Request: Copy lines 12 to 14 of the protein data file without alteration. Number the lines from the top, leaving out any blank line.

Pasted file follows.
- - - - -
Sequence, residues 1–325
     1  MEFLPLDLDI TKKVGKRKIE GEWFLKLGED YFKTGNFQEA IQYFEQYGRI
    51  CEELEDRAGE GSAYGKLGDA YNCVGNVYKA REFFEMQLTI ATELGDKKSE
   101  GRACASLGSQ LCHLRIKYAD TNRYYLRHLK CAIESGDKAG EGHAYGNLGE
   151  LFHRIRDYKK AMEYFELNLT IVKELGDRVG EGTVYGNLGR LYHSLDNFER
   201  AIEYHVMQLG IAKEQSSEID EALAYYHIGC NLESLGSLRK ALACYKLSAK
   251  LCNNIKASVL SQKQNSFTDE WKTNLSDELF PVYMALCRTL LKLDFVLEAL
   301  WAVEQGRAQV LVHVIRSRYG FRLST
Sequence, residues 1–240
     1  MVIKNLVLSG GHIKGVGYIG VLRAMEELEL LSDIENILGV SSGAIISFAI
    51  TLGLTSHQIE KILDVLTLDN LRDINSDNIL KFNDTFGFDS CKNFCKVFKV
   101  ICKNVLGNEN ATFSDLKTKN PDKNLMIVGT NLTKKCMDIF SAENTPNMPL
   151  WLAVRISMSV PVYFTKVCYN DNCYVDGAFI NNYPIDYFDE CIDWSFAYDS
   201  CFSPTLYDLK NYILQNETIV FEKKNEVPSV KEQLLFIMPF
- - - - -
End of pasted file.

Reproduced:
   101  ICKNVLGNEN ATFSDLKTKN PDKNLMIVGT NLTKKCMDIF SAENTPNMPL
   151  WLAVRISMSV PVYFTKVCYN DNCYVDGAFI NNYPIDYFDE CIDWSFAYDS
   201  CFSPTLYDLK NYILQNETIV FEKKNEVPSV KEQLLFIMPF